The index of U.S. leading indicators unexpectedly declined in March for the first time in seven months, a sign the world’s largest economy will cool.
The Conference Board’s gauge of the outlook for the next three to six months fell 0.1% in March after climbing 0.5% in the prior two months, the New York-based group said today. The median forecast of economists surveyed by Bloomberg called for a 0.1% increase.
The figures underscore an economy that hit a rough patch at the end of the first quarter as manufacturing eased and higher payrolls taxes began to bite. At the same time, advancing stock prices this year and lower borrowing costs will help keep household spending, which accounts for about 70% of the economy, from faltering.
“It’s lackluster-to-moderate growth in the near-term,” said Scott Brown, chief economist at Raymond James & Associates Inc. in St. Petersburg, Florida, who correctly projected the drop in the LEI. The tax increases and federal budget cuts are a drag, he said. The economy is “not quite as strong as we’d like to see.”
Estimates of 48 economists in the Bloomberg survey ranged from a decline of 0.4% to an increase of 0.6%.
The Federal Reserve Bank of Philadelphia said today that its factory index declined in April to 1.3 from 2 the prior month. Readings greater than zero signal expansion in the area covering eastern Pennsylvania, southern New Jersey and Delaware. The median forecast called for 3.
Stocks fell after earnings from UnitedHealth Group Inc. and EBay Inc. disappointed investors. The Standard & Poor’s 500 Index decreased 0.1% to 1,550.35 at 10:53 a.m. in New York.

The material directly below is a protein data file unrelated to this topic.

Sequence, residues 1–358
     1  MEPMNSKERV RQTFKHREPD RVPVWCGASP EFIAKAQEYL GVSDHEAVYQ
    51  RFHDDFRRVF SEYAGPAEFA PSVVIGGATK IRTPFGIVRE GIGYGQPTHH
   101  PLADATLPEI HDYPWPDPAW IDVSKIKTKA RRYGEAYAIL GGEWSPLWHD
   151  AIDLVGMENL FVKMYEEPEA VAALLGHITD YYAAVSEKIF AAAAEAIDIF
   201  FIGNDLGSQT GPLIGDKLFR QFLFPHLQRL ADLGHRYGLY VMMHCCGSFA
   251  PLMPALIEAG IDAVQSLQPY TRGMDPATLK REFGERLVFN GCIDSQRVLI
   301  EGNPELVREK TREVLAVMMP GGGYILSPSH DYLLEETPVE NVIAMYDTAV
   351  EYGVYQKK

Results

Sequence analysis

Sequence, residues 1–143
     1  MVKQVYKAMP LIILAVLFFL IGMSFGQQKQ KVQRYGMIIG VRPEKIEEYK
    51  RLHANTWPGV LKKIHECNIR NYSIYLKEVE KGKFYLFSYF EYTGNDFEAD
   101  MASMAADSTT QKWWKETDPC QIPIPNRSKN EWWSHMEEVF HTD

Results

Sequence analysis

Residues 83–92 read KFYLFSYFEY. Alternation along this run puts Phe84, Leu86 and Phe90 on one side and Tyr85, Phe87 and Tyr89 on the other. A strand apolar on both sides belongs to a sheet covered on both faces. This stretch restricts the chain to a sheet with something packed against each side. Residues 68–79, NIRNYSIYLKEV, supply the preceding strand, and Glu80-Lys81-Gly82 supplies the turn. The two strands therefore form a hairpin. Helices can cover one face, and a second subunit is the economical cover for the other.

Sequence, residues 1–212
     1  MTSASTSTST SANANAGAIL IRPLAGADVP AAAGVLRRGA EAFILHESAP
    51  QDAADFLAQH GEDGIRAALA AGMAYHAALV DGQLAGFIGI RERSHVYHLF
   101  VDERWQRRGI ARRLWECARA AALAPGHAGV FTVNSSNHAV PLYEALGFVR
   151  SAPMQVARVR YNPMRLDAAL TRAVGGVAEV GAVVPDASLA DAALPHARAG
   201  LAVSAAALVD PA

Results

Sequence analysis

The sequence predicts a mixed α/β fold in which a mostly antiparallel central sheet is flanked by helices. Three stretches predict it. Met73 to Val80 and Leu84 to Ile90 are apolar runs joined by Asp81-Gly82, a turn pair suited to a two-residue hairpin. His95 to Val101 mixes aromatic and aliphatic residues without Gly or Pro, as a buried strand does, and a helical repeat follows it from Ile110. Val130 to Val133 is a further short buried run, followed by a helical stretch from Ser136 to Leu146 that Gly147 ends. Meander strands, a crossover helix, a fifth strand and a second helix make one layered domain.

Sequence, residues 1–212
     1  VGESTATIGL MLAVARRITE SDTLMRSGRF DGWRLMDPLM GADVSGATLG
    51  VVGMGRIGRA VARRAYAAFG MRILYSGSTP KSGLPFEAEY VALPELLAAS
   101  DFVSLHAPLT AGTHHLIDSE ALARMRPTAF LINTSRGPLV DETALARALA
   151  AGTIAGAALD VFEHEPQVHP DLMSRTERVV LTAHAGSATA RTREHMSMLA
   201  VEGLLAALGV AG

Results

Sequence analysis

Another report showed little change in the number of Americans filing for unemployment benefits. First-time jobless claims climbed by 4,000 to 352,000 in the week ended April 13, the Labor Department said.
“Businesses at least need the workers they have and probably could use some more,” said Tom Simons, an economist at Jefferies LLC in New York, who projected claims would rise to 350,000. “Claims will probably stay in this range for some time.”
Five of the 10 indicators in the leading index contributed to the March decrease, including a decline in applications for home construction, fewer factory orders and a drop in consumer expectations. Building permits in March fell 3.9% to a four-month low 902,000 annualized rate, the Commerce Department said this week.
“Data for March reflect an economy that has lost some steam,” Ken Goldstein, an economist at the Conference Board, said in a statement today. “The biggest challenge remains weak demand, due to nervous consumer sentiment and slow income growth.”
The Conference Board’s index of coincident indicators, a gauge of current economic activity, fell 0.1% in March after rising 0.5% in the prior month.
The coincident index tracks payrolls, incomes, sales and production, which are the same measures tracked by the National Bureau of Economic Research to determine the beginning and end of U.S. recessions.
The gauge of lagging indicators advanced 0.3% after no change in February.
Siemens AG, Europe’s biggest engineering company, made 21.3% of its revenue from the U.S. in fiscal year 2012 and is among companies that anticipate further growth in the economy.
“A manufacturing renaissance is what is talk of town in the U.S.,” Siegfried Russwurm, head of Siemens’ industry division, said in an April 11 industry teleconference. “In the long run, we see a good business climate there, although currently it is a little bit bumpy.”
The economy is projected to grow at a 1.5% annual rate in the second quarter after an estimated 3% pace in the first three months of the year, according to the median forecast in a Bloomberg survey of economists from April 5 to April 9.
Part of the reason for the projected second-quarter slowdown is an increase in the levy used to finance Social Security, which returned to 6.2% from 4.2%. A worker earning $50,000 a year is taking home about $83 less a month because of the higher tax.
Fed policy makers yesterday said the U.S. expansion remained “moderate.” Household spending, they said in the Beige Book business survey, “grew modestly” as some sales were restrained by the tax increase and higher fuel costs.
At the same time, stocks climbed to all-time highs this month. Through yesterday, the S&P 500 gained 8.8% this year.
Higher home prices have also boosted household wealth. Property values rose 10.2% in the 12 months through February, the biggest gain in almost seven years, according to Irvine, California-based CoreLogic Inc.